Over the past generation, members of the college-educated class have become amazingly good at making sure their children retain their privileged status. They have also become devastatingly good at making sure the children of other classes have limited chances to join their ranks.
Got that? Not only are those hoity-toity college types good at making sure their kids hold on to their elevated rank in the scheme of things, they’re amazingly good at it. And when it comes to keeping the riff-raff on their designated side of the tracks, the sweater vest and Dockers crowd is just devastatingly effective. When David Brooks deploys the adverbs like that, you can tell he must be on to something.
But wait, it gets better:
How they’ve managed to do the first task — giving their own children a leg up — is pretty obvious. It’s the pediacracy, stupid. Over the past few decades, upper-middle-class Americans have embraced behavior codes that put cultivating successful children at the center of life. As soon as they get money, they turn it into investments in their kids.
There go those upper-middle-class parents again, making their offspring a priority. And what’s with those behavior codes? Obviously that’s a dog whistle for people who get married, stay married and don’t have kids until they are married. Don’t they know it’s not fair to put everybody else at a disadvantage like that?
Upper-middle-class parents have the means to spend two to three times more time with their preschool children than less affluent parents.
It’s an outrage. Dad should be spending more weekends on the golf course, while mom makes some me-time for her and the pool boy.
As life has gotten worse for the rest in the middle class, upper-middle-class parents have become fanatical about making sure their children never sink back to those levels, and of course there’s nothing wrong in devoting yourself to your own progeny.
Yeah, sure. Nothing wrong at all. Keep telling yourself that, Dave.
It’s when we turn to the next task — excluding other people’s children from the same opportunities — that things become morally dicey. Richard Reeves of the Brookings Institution recently published a book called “Dream Hoarders” detailing some of the structural ways the well educated rig the system.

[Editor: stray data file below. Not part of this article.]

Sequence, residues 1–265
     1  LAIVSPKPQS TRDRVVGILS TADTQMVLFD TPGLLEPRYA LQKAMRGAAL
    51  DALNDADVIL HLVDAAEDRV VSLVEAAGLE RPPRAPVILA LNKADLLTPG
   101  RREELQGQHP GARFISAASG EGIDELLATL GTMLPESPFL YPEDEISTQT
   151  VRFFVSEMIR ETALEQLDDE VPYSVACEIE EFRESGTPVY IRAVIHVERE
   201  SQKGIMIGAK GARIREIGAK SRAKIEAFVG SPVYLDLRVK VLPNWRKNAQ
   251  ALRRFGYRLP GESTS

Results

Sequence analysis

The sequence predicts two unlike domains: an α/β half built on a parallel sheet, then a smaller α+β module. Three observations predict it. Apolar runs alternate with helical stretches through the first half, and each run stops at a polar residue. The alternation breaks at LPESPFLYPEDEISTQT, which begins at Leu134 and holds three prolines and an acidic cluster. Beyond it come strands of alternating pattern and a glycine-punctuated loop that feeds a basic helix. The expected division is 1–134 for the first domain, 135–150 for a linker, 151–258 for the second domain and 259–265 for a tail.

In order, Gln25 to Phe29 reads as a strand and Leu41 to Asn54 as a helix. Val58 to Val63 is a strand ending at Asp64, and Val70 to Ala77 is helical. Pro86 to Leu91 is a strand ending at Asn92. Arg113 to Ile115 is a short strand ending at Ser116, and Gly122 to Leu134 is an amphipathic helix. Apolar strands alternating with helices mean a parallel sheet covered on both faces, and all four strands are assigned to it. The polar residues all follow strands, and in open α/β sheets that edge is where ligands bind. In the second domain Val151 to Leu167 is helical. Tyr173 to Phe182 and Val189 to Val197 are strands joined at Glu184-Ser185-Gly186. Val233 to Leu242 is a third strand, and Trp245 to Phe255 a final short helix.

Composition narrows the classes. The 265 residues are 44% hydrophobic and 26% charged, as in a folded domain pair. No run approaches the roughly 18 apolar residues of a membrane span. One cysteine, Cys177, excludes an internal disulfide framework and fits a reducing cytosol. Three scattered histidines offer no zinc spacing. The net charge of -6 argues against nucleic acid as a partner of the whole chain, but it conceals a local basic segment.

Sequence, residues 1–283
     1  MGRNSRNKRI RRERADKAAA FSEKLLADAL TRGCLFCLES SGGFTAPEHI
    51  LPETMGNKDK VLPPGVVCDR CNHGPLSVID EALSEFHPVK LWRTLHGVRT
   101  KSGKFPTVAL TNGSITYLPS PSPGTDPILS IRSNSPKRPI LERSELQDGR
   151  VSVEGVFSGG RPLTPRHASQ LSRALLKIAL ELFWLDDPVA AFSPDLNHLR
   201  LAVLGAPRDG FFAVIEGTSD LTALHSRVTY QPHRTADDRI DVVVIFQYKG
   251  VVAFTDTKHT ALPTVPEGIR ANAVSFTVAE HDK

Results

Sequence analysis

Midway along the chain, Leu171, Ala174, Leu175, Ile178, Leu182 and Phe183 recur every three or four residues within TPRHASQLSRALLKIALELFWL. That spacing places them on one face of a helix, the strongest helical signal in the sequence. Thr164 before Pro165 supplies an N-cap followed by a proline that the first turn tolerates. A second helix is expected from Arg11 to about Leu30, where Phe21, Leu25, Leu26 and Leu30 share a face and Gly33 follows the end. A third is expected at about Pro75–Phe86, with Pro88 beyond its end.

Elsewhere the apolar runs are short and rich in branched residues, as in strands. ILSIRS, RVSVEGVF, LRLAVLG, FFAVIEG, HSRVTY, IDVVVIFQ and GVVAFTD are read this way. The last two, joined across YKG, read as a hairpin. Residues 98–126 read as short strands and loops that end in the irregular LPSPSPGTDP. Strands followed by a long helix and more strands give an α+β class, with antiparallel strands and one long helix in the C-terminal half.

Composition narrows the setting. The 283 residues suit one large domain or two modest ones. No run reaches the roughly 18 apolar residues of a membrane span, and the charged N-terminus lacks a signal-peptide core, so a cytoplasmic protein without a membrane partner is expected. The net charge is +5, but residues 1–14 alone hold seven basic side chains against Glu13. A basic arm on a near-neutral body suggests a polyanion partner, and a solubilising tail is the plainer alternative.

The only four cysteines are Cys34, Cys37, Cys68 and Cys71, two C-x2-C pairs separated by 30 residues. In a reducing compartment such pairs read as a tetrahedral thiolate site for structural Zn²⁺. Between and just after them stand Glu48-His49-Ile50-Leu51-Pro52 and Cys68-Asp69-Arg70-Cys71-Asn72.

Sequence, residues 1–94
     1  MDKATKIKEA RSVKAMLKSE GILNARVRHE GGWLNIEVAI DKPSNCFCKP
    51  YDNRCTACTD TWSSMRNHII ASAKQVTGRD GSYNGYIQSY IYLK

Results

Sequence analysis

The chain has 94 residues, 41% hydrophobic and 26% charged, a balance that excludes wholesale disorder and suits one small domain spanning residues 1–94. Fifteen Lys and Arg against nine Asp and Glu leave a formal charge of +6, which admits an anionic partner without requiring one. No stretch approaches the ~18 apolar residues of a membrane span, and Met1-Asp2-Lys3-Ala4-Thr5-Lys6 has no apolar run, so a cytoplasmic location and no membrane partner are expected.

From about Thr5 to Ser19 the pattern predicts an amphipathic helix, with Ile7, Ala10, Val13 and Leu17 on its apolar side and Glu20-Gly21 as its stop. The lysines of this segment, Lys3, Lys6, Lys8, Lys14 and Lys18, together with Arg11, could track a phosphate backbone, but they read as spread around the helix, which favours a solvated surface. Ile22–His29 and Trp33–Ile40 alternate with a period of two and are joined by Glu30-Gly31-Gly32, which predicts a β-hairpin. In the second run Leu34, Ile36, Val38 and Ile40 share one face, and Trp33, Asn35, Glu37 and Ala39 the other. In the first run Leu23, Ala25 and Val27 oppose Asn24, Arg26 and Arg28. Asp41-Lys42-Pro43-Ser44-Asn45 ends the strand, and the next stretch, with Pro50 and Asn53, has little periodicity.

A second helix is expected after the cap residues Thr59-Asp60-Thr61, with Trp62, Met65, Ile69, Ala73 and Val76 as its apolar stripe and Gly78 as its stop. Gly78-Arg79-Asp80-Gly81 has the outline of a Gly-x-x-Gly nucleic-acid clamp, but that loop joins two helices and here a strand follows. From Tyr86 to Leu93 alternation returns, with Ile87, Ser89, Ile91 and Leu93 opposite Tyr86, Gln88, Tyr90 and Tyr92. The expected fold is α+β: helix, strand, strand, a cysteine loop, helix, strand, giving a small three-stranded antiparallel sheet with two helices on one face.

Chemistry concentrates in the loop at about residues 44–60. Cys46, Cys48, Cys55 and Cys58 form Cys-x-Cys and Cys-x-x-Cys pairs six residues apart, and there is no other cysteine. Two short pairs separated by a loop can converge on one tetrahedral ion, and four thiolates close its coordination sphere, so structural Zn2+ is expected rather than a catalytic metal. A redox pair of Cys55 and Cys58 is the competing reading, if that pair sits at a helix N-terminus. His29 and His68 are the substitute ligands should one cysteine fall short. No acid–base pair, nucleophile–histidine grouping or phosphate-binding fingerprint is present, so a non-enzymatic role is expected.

The most important is residential zoning restrictions. Well-educated people tend to live in places like Portland, New York and San Francisco that have housing and construction rules that keep the poor and less educated away from places with good schools and good job opportunities.
Portland, New York and San Francisco… What do all those places have in common? Oh, that’s right! They’re all run by liberal Democrats. So how is it possible that those cities would deliberately zone themselves to keep poor people out of decent schools and nicer jobs? I thought Democrats were supposed to be for the little guy.
It’s no wonder that 70 percent of the students in the nation’s 200 most competitive schools come from the top quarter of the income distribution. With their admissions criteria, America’s elite colleges sit atop gigantic mountains of privilege.
Wait, colleges? Aren’t they also run by liberals? With the way they’re keeping poor people down, you’d think that Newt Gingrich was in charge.
Still, even all that doesn’t compare to the even greater horrors that await the middle class in the cosmopolitan jungle. Brooks elaborates:
Recently I took a friend with only a high school degree to lunch. Insensitively, I led her into a gourmet sandwich shop. Suddenly I saw her face freeze up as she was confronted with sandwiches named “Padrino” and “Pomodoro” and ingredients like soppressata, capicollo and a striata baguette. I quickly asked her if she wanted to go somewhere else and she anxiously nodded yes and we ate Mexican.
Did they go to Trump Tower? I hear the Taco Bowls are pretty good.
While you can enjoy a hearty laugh at all this (and heaven knows, I certainly did), I can’t fault Brooks too much for his intentions. However unwittingly, he does score some solid points on how a lot of government policy, purportedly created to help the poor, actually ends up hurting them more. San Francisco, for example. does make it nearly impossible to build new housing anywhere near the city–and as a result, young families of limited means can’t afford to live there. New York City, meanwhile, has rent controls that make 500 square feet of crappy apartment cost more than the mortgage on a 4,000 square foot house upstate. But he comes off as condescending to the subjects of his own sympathy, while at the same time scolding parents of better than average means for wanting to live in nice neighborhoods with schools that don’t need metal detectors. Congratulations, Dave. You managed to make everybody mad.
Meanwhile, Brooks ignores perhaps the most important thing he’s uncovered here, and that’s the question of why places like New York are so unwelcoming to those who don’t come from the right background. For a city that didn’t mind when Occupy Wall Street was defecating on police cars, they’re awfully hard on someone who doesn’t know the difference between prosciutto and pancetta. Why the intolerance?
Maybe if Brooks spent more time at Chili’s and less time at Per Se, he might know the answer.